We live in a University city. This has many advantages; it is very beautiful, there are plenty of interesting stuff to do and see, a big teaching hospital, lots of green space and funky cafes. There are also lots of people doing research into all manner of stuff. I can't move for being asked to participate in one study or another. In fact, some researchers looking for participants for their study into new mothers and their perception of body image were the first visitors I had after I had Adam. It was probably a little excessive, I was pretty woozy and a bit fuzzy after a long and fairly traumatic birth and not really up to giving any sensible answers; How did I feel about my body? Er it's pretty shot to bits and needed some more sleep thanks.*
But I'm being mean, some of the studies have been quite fun. There was the one about how children play with adults at different stages of their development which involved going to rooms with lots of new toys for an afternoon. Then there was the one about language development in toddlers which I found fascinating.
Now a new request. We've just been asked if Luke would be able to participate in a new trial for a Meningitis B vaccine. Now, I'm a big fan of vaccinations (read my rant about those who choose not to vaccinate their children on my previous blog here) and both my boys are fully jabbed up with every available jab going. As routine in the UK, this includes Meningitis C, but at present there is no vaccine for Meningitis B, which causes 90% of meningococcal disease in the UK. The researchers are hoping that the MenB vaccine will be as effective at reducing cases of the disease as teh MenC vaccine has been.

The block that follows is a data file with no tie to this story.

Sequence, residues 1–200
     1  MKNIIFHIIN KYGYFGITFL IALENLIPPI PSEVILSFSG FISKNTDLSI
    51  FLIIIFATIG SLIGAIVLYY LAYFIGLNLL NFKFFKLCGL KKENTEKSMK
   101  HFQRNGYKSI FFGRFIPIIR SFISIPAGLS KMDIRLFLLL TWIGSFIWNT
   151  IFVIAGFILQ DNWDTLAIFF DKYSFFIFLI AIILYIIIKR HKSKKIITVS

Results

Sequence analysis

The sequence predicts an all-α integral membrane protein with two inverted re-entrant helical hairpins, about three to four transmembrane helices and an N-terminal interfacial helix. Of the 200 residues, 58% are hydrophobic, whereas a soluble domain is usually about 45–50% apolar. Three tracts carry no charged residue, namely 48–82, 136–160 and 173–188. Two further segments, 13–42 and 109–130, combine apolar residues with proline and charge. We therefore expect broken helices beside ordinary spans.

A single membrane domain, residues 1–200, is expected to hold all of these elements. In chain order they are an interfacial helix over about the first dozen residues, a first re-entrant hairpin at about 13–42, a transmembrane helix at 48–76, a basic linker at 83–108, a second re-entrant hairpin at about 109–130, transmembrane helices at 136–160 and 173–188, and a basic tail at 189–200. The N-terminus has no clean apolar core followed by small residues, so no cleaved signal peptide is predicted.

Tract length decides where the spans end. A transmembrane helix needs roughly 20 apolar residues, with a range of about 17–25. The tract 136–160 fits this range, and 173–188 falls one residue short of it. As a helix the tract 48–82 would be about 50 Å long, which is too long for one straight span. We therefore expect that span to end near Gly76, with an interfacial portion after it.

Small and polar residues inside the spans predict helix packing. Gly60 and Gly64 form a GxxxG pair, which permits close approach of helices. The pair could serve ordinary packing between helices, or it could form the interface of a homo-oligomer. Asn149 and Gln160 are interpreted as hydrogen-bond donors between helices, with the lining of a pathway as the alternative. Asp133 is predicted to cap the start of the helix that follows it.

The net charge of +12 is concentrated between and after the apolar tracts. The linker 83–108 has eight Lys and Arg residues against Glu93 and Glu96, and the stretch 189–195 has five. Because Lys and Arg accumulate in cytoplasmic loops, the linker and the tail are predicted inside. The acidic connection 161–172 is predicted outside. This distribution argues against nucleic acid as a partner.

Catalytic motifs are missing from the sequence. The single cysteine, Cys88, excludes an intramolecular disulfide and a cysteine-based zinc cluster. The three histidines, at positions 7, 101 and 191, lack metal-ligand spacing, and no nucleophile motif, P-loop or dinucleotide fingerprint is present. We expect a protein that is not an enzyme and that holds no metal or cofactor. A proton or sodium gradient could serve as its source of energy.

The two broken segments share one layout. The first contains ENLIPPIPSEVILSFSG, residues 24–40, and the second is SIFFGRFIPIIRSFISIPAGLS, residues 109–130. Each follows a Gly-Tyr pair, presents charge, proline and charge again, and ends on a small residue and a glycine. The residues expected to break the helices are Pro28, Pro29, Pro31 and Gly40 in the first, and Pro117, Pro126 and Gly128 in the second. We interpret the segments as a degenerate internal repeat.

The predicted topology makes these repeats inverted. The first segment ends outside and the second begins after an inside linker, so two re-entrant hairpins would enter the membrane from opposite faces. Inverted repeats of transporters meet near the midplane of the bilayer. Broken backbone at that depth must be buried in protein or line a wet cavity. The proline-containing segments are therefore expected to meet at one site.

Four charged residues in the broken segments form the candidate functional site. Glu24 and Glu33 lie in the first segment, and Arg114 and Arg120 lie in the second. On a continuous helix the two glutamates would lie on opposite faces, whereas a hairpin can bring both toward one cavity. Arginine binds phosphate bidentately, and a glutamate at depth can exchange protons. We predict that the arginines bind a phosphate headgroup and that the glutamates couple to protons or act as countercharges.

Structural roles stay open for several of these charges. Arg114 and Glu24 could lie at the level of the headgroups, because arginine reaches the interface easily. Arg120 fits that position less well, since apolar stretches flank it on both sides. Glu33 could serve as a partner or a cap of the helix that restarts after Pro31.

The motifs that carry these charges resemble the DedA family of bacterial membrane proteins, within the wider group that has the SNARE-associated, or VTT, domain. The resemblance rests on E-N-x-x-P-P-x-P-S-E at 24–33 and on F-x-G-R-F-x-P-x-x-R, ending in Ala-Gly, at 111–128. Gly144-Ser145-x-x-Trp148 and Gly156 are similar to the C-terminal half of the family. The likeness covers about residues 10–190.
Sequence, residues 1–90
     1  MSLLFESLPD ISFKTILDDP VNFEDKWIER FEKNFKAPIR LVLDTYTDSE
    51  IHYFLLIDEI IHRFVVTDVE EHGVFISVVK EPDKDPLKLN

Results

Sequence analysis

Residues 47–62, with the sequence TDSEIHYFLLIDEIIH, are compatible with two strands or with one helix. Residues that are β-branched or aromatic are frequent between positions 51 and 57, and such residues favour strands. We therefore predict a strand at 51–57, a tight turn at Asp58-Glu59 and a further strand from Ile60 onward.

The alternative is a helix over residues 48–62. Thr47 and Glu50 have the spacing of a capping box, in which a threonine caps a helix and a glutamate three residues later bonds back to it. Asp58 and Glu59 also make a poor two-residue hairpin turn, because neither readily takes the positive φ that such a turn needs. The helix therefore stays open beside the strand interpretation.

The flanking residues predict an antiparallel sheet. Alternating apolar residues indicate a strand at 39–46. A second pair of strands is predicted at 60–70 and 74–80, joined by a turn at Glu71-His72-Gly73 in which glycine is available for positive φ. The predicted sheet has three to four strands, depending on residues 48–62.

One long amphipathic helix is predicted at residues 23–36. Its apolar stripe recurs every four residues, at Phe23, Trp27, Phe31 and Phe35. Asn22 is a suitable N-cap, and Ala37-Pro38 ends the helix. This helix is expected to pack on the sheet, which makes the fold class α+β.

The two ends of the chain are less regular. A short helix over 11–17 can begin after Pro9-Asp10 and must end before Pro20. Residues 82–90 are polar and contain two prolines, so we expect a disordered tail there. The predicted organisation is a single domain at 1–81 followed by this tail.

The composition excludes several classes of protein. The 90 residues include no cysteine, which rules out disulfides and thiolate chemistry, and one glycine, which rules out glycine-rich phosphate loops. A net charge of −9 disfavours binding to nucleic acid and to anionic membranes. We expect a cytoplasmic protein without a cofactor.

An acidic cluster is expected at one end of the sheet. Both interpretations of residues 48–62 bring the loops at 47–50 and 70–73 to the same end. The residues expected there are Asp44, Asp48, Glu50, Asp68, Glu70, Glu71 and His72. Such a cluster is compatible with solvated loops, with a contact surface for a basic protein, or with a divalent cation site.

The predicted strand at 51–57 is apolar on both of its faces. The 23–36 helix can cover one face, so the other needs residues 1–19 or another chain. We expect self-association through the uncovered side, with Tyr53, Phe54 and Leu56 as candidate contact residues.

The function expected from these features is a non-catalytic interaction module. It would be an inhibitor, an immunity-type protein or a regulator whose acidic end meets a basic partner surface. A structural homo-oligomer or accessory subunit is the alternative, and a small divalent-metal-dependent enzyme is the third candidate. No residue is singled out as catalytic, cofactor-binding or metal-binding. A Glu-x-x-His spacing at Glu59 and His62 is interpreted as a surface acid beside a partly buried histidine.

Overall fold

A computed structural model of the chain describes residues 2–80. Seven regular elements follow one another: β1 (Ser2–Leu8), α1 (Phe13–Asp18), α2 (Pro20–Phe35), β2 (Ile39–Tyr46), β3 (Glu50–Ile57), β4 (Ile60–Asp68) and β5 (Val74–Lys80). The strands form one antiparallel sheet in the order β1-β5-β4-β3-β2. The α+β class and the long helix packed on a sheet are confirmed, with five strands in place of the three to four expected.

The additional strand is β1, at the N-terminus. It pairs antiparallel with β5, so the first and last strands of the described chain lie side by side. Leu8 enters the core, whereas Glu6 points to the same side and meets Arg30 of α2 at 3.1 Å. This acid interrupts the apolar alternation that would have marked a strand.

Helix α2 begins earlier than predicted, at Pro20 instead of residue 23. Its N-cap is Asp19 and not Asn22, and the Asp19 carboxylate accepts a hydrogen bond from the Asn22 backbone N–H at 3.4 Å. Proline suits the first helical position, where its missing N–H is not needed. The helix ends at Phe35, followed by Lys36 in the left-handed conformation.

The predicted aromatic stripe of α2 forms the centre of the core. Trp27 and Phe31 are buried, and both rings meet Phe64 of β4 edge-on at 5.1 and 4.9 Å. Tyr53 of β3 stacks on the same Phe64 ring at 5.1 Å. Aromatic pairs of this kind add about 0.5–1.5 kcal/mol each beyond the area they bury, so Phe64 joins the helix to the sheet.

The trial vaccine is 'investigational' meaning that they have been approved for use in the study but are not yet licensed for routine use. It isn't the first time the vaccine has been trialled, an earlier study looked at vaccines given to infants. What the study is really after is to monitor the effectiveness of the vaccinations, would it work better given to infants or as part of the jabs the children receive at 3 1/2.
In theory, I should be all for it. Signing him right up. A vaccine for this disease would be a really positive step forward. I've participated in vaccinations trials before, I'm fully innoculated against rabies (and got paid £70 for the priviledge) which was fantastically useful in those times when I was still rushing around the world. But that was my decision, my body. I could read about the risks, weigh them out, balance them up and if there was going to be any side effects, well that would be my problem too. But in this case, if there are any side effects, it isn't going to be me who suffers them. There are a number of side effects reported by the study so far, including fever, convulsions, chest infections, hearing loss and an incident of Kawaskaki's disease, but on the other hand if you read the potential side effects of asprin you'd never take another headache pill again. But, but but. How awful would I feel if my little boy was one of the unlucky ones who developed one of these side effects. Then again, how stupid would I feel if he went on to contract Men B?
So I'm in a quandry. One the one hand a desire to be a good citizen and to contribute to what I believe is a good thing for society. On the other just preferring that someone else did it for me. I'm intrigued to know though, what would you do if it was your child?
*It wasn't actually as bad as that, they did let me get home before the visit when they asked a gazzilion quesions. But it felt a bit like that at the time.